I get excited and a bit chagrined whenever I discover oil painters of the past that I've never heard of. I realize that I'm no walking encyclopedia, yet I like to think I've got sound footing in oil painting. But the history of fine art oil painting is vast, so I'm going to cut myself some slack and just celebrate that I've discovered this batch of artists—early twentieth-century landscape painters who were part of the collective known as the Group of Seven—that are really rocking my world!
J.E.H. MacDonald—Sometimes when I look at an artist's work I get the feeling that he or she just sees differently. I felt that when I saw MacDonald's paintings. His colors are surprisingly varied and sometimes his choices seem out of place—jewel colors that are almost garish mixing with subtler earth tones—and yet they work. I was also really taken with the artist's shapes. The way he handles his brush to create such interesting forms on the canvas really made the works interesting in an abstract sense.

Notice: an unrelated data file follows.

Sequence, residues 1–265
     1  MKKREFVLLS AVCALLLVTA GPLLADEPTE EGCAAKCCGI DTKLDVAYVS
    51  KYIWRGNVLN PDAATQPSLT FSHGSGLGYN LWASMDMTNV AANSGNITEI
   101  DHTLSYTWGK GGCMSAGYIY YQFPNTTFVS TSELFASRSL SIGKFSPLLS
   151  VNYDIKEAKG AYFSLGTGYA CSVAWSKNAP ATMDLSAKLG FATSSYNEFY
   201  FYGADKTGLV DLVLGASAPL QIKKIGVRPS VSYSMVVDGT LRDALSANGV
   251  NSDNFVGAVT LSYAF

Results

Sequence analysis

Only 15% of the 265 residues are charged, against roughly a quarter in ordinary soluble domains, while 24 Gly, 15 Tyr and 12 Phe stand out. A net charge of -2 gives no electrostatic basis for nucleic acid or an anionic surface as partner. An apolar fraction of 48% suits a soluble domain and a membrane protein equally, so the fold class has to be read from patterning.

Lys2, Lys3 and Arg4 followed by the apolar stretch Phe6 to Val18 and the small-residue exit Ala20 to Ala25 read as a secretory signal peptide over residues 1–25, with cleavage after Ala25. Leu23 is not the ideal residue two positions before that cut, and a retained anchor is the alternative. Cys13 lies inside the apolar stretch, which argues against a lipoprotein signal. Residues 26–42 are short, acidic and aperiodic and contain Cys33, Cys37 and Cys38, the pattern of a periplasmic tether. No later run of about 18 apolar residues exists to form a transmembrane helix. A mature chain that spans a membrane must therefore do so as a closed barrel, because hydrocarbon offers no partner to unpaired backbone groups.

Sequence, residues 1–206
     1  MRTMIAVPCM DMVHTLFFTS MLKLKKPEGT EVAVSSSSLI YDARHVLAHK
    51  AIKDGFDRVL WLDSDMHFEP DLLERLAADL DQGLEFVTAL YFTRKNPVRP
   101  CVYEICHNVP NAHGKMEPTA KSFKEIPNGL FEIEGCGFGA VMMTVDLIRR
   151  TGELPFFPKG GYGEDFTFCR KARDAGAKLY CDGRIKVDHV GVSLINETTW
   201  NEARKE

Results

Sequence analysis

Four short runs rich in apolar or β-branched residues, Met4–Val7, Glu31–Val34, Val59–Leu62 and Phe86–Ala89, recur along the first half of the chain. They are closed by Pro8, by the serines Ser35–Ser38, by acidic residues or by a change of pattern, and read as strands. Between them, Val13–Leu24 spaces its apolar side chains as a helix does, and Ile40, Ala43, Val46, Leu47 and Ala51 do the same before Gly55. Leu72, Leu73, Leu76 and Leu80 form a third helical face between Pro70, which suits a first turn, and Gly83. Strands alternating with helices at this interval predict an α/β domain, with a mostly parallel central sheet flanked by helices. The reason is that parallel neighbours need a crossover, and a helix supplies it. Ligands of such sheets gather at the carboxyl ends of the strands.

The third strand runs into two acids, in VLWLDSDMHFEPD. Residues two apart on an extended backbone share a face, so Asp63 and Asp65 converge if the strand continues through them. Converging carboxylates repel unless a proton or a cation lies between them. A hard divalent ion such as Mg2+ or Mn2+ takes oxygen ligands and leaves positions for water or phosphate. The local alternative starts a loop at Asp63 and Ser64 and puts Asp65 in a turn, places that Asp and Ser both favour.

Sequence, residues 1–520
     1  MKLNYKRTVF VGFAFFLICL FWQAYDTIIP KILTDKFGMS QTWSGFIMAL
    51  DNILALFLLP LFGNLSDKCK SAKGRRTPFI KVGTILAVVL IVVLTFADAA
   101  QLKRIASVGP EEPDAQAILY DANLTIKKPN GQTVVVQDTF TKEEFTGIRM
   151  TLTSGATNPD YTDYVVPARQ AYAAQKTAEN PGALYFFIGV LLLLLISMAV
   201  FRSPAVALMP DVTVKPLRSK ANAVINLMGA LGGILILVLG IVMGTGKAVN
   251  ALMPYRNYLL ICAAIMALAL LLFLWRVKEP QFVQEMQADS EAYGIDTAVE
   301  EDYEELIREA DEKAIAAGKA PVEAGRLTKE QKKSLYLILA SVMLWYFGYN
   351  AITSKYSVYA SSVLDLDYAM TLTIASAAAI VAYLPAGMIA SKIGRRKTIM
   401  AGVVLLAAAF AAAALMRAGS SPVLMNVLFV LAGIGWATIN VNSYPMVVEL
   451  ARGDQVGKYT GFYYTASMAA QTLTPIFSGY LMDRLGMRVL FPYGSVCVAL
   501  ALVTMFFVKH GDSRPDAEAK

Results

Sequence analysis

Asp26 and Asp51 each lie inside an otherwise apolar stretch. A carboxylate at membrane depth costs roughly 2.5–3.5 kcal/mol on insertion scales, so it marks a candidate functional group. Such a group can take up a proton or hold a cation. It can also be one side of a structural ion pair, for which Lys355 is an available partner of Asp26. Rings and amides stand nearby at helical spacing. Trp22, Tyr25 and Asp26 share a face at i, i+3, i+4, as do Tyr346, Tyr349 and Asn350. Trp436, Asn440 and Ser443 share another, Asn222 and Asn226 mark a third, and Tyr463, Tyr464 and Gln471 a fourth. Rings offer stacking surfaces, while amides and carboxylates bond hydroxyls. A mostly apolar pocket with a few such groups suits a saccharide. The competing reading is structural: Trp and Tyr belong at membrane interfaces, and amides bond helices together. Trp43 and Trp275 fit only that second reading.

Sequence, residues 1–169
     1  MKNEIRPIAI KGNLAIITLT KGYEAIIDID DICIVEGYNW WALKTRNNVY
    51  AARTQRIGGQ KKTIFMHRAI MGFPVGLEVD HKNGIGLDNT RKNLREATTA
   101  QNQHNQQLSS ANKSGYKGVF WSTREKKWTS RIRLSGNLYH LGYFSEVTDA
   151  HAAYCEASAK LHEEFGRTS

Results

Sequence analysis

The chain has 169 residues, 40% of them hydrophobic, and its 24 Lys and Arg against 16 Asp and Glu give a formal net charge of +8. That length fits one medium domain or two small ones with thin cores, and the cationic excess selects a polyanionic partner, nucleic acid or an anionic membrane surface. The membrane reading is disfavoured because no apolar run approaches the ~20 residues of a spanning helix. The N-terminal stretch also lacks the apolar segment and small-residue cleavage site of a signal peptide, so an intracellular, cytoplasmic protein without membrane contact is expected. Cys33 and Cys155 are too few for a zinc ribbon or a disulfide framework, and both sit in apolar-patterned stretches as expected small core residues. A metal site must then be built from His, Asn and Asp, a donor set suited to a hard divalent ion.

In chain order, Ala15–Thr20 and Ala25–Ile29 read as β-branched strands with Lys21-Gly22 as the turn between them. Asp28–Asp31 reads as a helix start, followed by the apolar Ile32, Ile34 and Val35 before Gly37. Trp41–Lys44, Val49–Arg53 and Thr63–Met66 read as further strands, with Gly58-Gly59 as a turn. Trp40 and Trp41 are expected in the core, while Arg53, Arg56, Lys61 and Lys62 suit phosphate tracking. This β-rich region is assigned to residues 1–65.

|Lake McArthur, Yoho Park by J.E.H. MacDonald, oil painting, 1924.|
Arthur Lismer—To incorporate artifice into a landscape painting can be off-putting to some, but I found myself quite drawn to Lismer's stylized way of painting. He developed a style that allowed him to turn simple and straightforward elements like cliffs, trees, or the ocean into elements that are highly unique. I'm all for a painting that looks like a painting, and not necessarily a photo-realistic representation meant to trick the eye.
|A September Gale, Georgian Bay by Arthur Lismer, oil painting, 1921.|
F.H. Varley—I'll admit that I kind of gasped when I saw Varley's work. His ability to create an atmospheric sense of space really bowled me over. With the slightest strokes he creates a mountain range, or by building up layers of blues, greens, and grays he creates a vast night sky that seems to soar up and out.
|Landscape No. 1: Mountains, B.C.
by F.H. Varley, oil painting, c. 1934.
|Moonlight at Lynn
by F.H. Varley, oil painting, 1933.
Seeing these works has really injected me with new energy. That coupled with instruction from contemporary artists whose names I do know—very well—has me raring to go, including DVDs like Visual Concepts in Still LIfe with Sherrie McGraw, Painting Light: The Cape School Method from Camille Przewodek, and Alla Prima Portraiture with Rose Frantzen. All of these together are sure to guarantee inspiration and strong technique for a new year! Enjoy!